Veterans Filing for SSDI
Are you a disabled U.S. Veteran? You may be eligible for disability benefits through the Social Security Administration in addition to disability benefits you may already receive through the Department of Veterans Affairs (VA). Seeking Social Security Disability benefits for veterans is a complex web that makes even the military personally procured move and EFMP paperwork look like a walk in the park. You’ve worked hard and earned the respect of your fellow countrymen, now it’s time to get that same respect and opportunity from the federal government.
When a veteran applies for Social Security disability insurance (SSDI), there are a lot of things to consider, some of which may seem hidden. No matter your situation, it’s likely that there are many special options open to you. Unfortunately, some of these are unclear when you are only used to working with the VA.
Let’s take a look at five things you may not know, especially about Social Security benefits for disabled veterans, whether you suffer from partial or complete disabilities, and how they can help you shape today’s benefits as well as your future.
1. Working Again and Social Security for Veterans
The Social Security Disability program offers a special set of rules and options – which it calls work incentives – to help you test your ability to return to work and still qualify for or receive your monthly Social Security disability benefits.
The Social Security Administration runs a program called Ticket to Work that helps many beneficiaries find some form of work you can apply at any point after you’ve been awarded your benefits.
If you already receive SSDI or SSI and are between the ages of 18 and 64, you’re already qualified to use the program. Ticket is completely free and voluntary.
The Ticket program is often paired with work incentives so that you can keep some benefits and options as you consider returning to the workforce.
Most Common Work Incentives Paired
with the Ticket Program
|You can keep your Medicaid and/or Medicare while you work.|
|You can get personal career, work, and therapy support services.|
|You’ll keep benefits even if you can only return to work part time or if you need to take a work-from-home alternative.|
|As an SSDI recipient, you can have a nine-month trial work period where you still receive your full SSDI benefits no matter how much you make. You’ll need to properly record and report all of your earnings, but the trial work period allows you to test yourself to see if you’re ready for work and how much you can handle.|
|You also get access to an expedited process for reinstatement of benefits if your SSDI are later terminated. If your earnings temporarily rise to a level where you no longer qualify for SSDI but then fall, you are eligible for temporary benefits for up to six months while the SSA looks at your case. You also benefit by not having to complete another full application.|
The Ticket program is designed to help veterans and others on SSDI who have been able to strike a balance between their disability and the option to work. If you are among those veterans who can return to the workforce after a time, your SSDI will be there to help you work and have enough money to support yourself.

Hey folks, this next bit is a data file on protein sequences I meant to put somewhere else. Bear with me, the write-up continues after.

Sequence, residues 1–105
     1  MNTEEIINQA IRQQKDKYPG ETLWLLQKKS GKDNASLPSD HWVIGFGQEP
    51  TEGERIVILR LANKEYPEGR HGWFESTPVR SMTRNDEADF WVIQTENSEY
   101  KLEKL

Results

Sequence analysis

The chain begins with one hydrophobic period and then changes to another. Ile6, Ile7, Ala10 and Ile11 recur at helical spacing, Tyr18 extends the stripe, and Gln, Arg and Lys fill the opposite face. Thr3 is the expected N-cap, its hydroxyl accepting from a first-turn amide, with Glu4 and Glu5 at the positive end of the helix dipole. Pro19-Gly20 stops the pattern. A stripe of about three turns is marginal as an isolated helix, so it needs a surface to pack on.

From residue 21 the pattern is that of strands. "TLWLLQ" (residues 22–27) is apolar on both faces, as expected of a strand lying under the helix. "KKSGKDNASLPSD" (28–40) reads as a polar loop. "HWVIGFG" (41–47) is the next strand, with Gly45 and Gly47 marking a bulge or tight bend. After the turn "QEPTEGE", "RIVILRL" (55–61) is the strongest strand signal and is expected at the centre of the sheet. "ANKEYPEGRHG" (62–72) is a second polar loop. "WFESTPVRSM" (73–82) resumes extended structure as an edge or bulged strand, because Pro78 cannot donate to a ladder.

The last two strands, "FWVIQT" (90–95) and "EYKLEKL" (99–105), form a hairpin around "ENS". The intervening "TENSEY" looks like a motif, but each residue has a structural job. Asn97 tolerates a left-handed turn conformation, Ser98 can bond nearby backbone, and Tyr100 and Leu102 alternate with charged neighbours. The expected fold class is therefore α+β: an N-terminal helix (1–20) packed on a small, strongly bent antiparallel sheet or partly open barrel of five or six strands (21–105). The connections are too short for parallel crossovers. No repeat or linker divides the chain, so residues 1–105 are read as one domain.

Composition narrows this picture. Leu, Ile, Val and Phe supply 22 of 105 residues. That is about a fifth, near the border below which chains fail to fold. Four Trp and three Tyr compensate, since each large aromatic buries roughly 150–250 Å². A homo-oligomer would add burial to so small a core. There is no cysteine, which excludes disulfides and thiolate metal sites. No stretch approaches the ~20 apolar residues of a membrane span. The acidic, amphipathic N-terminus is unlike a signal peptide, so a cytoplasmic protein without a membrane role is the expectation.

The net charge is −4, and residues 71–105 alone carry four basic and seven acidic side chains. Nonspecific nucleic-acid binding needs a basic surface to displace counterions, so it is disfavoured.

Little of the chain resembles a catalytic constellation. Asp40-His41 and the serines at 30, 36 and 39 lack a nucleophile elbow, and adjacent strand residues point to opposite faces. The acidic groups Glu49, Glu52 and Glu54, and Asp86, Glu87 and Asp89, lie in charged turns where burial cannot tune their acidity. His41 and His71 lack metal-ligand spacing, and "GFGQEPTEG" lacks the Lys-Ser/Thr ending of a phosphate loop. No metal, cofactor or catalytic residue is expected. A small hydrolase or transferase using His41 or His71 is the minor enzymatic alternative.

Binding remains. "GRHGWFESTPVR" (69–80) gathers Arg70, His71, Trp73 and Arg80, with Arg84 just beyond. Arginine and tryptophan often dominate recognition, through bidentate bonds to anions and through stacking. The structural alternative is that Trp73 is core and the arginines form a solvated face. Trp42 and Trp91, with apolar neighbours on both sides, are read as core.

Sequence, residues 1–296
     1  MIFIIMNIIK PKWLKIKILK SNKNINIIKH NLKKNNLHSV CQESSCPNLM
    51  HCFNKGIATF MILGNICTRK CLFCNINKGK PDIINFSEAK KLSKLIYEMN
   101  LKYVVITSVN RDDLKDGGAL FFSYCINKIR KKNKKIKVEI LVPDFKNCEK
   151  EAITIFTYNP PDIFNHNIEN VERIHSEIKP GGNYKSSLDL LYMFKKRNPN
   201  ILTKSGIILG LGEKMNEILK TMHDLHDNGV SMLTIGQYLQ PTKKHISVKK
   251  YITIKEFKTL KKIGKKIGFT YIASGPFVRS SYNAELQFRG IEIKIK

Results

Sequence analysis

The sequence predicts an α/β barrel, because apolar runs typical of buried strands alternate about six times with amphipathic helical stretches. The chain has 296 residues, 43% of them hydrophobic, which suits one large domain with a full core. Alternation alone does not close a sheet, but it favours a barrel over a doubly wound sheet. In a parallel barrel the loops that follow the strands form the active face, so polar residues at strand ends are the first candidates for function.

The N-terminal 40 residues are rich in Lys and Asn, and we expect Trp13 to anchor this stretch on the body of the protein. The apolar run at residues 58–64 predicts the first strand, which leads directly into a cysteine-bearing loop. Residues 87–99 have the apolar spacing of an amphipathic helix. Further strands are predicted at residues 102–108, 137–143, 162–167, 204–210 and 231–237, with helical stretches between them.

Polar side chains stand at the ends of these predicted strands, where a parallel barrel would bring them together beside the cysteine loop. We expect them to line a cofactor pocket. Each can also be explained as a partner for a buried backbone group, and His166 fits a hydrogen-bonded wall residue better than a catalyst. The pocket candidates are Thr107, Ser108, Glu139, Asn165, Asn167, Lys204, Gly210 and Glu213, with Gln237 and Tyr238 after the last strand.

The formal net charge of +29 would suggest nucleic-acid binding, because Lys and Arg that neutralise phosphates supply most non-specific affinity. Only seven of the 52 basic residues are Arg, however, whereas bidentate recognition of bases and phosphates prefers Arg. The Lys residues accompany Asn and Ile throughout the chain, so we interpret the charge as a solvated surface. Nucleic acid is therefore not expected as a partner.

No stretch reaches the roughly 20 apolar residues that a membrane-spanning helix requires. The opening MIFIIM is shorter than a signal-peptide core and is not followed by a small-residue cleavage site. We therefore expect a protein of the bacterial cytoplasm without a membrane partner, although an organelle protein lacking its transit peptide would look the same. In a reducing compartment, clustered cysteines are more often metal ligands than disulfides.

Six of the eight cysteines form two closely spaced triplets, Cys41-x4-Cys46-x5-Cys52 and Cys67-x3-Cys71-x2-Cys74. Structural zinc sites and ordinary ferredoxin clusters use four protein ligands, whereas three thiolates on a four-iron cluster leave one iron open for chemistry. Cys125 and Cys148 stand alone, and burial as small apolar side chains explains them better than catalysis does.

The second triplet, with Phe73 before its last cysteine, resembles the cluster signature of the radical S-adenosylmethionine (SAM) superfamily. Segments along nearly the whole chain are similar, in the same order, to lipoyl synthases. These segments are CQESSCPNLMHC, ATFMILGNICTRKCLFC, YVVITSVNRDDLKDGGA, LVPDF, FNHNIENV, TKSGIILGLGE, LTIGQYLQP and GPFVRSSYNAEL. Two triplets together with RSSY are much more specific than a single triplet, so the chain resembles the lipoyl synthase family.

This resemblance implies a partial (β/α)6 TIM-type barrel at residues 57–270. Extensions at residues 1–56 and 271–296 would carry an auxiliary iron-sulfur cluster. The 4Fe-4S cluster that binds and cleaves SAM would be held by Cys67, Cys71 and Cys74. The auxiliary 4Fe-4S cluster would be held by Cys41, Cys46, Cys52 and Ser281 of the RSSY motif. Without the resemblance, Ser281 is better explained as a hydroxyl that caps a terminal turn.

Earning a living in this fashion is not an option for every veteran, but you may find it an appealing option while on your road to recovery and control.
2. Past Disabilities Can Earn Social Security for Veterans
What if you were disabled in the past but have recovered and been able to return to work? Sometimes a person, including veterans, can receive Social Security Disability Insurance benefits for a time period in the past, typically beginning with the date they became unable to work due to a disability and ending on the date they returned to the workforce full time.
If you previously met the criteria to be disabled under the SSA’s disability rules and your application was filed within a specific time frame, you may be eligible for a closed period of SSDI benefits. These benefits are paid for a closed period of time in the past and the benefits you will be paid generally consist only of backpay. Nevertheless these benefits are still significant as you could still receive enough to help you repay money you had to borrow, bills that have fallen behind, or other concerns that arose when you were unable to work.
Your application for a closed period of benefits will need to fit certain criteria to be considered:
- Your medical information and records must prove that you were unable to work in a significant manner for at least a continuous 12-month period. They must also show that your condition has improved enough to where you are no longer disabled and this return-to-work date must be before the disability decision is made.
- You must file your application within 14 months after the disability ended. This can be a little tricky because it is not necessarily the date you returned to full-time work. Alternatively, if you medically improved and returned to work while a current SSDI claim is pending, you can still receive a closed period of benefits for the time period you were unable to work.
- Even if approved for a closed-period of benefits, there is always a five month waiting period before your SSDI benefit payments begin, starting with the date your disability began. The SSA follows that waiting period strictly and then provides you benefits at a monthly rate afterwards. Thus, the total amount of retroactive benefits you could receive for a closed period is equal to the monthly benefit rate you are owed times the number of months you have been out of work, less five months.
Let’s look at one quick example. Say you filed for Social Security for veterans in October of 2014, but when the SSA reviews your medical history they find and agree that you were disabled starting on February 17, 2013, and were better as of July, 2014. The time you’re deemed healthy again, July of 2014, is the end date that closes your period of disability. Your five-month waiting time will start on March 1, 2013, because March is the first full month in which you were disabled. The waiting period runs through July 2013, so you will first be eligible for benefits in August 2013. You can potentially receive compensation for August 2013 through July 2014 – when you were no longer considered disabled. So in this case it is likely that you would be paid for 10 months of retroactive benefits from October 2013 through July 2014.
3. You Have Multiple Options
Many veterans will have Social Security and Veterans Disability claims being processed at the same time because there are situations where veterans can receive both types of assistance.